KETCHIKAN (KDN)  — A record-high weekend case count of 50 new COVID-19 cases was logged on the Ketchikan Public Health COVID-19 dashboard on Monday, as well as an all-time-high nine hospitalizations in PeaceHealth Ketchikan Medical Center's COVID-19 unit.

According to the KPH dashboard, 118 cases were active in Ketchikan as of late Monday afternoon.

Regarding local hospitalization counts, the Ketchikan Public Health dashboard showed nine people hospitalized as of its update at 4:30 p.m. Monday.

The Ketchikan Public Health dashboard is separate from the hospitalization dashboard that posted by PeaceHealth Ketchikan Medical Center, which reports the previous day's hospitalizations by 11 a.m. the following day.

While the PeaceHealth Ketchikan Medical Center hospitalization dashboard updated on Monday morning (using the total of individuals hospitalized on Sunday) to show six people were in the unit,  KMC Communications Specialist Kate Govaars wrote to the Daily News on Monday that, as of 9:30 a.m., that number was down to five.

Govaars wrote that the KMC COVID-19 unit has a baseline of eight beds, with the "ability to expand rapidly if needed."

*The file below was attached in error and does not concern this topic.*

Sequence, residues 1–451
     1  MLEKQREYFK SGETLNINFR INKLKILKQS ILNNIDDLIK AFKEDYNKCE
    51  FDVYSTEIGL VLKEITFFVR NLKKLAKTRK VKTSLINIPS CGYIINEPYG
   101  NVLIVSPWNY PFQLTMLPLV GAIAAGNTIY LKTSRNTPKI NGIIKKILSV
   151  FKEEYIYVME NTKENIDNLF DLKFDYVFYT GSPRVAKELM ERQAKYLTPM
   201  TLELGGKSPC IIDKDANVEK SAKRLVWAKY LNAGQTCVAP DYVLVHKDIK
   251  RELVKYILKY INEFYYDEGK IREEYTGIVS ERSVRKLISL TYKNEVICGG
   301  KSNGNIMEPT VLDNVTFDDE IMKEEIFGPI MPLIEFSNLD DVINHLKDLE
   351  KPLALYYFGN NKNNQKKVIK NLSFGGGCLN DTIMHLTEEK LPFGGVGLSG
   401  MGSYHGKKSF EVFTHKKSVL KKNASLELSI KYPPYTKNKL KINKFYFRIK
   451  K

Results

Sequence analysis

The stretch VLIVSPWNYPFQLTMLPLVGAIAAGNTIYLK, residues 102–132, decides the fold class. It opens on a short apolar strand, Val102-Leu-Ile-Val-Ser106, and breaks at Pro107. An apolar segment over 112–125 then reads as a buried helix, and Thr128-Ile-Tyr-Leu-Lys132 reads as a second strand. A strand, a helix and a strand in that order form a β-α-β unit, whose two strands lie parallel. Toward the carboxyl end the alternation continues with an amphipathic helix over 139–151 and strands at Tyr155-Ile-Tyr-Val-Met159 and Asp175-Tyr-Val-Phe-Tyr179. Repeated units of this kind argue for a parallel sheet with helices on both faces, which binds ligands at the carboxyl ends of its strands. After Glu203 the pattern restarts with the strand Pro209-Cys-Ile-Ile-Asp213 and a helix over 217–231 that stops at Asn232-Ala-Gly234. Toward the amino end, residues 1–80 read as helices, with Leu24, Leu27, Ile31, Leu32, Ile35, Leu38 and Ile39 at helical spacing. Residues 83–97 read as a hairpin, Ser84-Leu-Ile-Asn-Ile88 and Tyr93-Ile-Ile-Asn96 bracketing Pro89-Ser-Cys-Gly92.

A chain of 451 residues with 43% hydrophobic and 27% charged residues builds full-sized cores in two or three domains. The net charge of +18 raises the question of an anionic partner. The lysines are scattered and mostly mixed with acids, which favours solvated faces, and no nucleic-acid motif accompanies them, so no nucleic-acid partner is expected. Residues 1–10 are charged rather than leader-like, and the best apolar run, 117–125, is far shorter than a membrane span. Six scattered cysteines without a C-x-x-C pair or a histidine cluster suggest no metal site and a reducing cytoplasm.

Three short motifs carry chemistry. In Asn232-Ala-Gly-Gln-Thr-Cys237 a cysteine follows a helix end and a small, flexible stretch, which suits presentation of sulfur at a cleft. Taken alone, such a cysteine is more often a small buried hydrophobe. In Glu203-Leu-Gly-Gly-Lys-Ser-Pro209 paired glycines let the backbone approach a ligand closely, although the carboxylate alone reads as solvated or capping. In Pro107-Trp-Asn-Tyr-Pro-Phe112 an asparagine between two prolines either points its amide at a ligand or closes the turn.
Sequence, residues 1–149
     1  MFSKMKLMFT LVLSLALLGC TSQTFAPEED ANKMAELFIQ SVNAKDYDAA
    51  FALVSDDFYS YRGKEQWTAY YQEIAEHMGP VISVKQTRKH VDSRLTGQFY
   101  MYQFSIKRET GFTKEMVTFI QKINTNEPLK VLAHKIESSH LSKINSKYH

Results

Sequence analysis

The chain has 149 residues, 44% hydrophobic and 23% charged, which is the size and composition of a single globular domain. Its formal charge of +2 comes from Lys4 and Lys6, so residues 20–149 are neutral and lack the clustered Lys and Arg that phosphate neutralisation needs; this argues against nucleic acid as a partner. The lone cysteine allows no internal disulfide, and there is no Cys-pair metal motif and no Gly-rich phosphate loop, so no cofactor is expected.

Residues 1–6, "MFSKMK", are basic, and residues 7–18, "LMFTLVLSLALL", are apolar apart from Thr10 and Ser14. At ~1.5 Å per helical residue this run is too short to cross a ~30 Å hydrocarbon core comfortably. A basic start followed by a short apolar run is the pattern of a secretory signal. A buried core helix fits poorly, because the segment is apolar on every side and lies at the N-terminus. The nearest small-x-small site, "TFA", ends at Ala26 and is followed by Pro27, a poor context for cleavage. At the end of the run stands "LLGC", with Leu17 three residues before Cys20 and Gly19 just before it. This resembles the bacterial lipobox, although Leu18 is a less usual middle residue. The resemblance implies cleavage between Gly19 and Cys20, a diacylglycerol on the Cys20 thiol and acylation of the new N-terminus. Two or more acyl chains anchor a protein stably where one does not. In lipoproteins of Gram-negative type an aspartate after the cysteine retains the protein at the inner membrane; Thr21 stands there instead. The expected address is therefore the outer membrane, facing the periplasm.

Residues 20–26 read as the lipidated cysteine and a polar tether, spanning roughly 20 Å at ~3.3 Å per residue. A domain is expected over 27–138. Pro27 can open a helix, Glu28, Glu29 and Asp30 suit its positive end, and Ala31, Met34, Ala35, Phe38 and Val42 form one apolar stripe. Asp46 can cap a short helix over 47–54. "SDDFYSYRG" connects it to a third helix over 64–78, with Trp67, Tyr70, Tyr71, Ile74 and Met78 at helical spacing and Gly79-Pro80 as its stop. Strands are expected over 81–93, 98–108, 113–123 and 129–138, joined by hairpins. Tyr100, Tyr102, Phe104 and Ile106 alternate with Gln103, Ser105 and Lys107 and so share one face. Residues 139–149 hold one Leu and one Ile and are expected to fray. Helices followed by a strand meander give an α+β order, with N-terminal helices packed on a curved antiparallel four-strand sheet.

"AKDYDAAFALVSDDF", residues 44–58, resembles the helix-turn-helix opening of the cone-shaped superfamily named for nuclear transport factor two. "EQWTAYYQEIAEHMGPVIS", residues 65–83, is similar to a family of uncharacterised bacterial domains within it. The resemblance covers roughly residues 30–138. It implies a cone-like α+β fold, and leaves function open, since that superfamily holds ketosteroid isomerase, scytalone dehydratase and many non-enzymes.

If more capacity was needed, "beds would continue to be located in both MedSurg and ICU," according to Govaars.

The full KPH dashboard can be accessed at

Metlakatla update

A Friday night notice from the Metlakatla Indian Community reported that five of the 25 COVID-19 tests conducted in Metlakatla that day returned positive results, bringing the community's cumulative case count to 117.

As of Friday, 20 cases were active on the island and nobody was hospitalized, according to the notice.

Metlakatla remained at Community Alert Level 3.

"Bear with us as we work with the Annette Island Service Unit on updating mandates based on new science and a status of ongoing community mitigation readiness," the MIC notice read.

Prince of Wales Island update

Health officials on Prince of Wales Island counted two new COVID-19 cases since Friday, according to a message recorded Monday afternoon on the Craig Public Health COVID-19 hotline.

One case, involving a Craig resident, was found to be travel-related.

The second case involves a resident of a community on POW with fewer than 1,000 residents. The case was found to be community spread.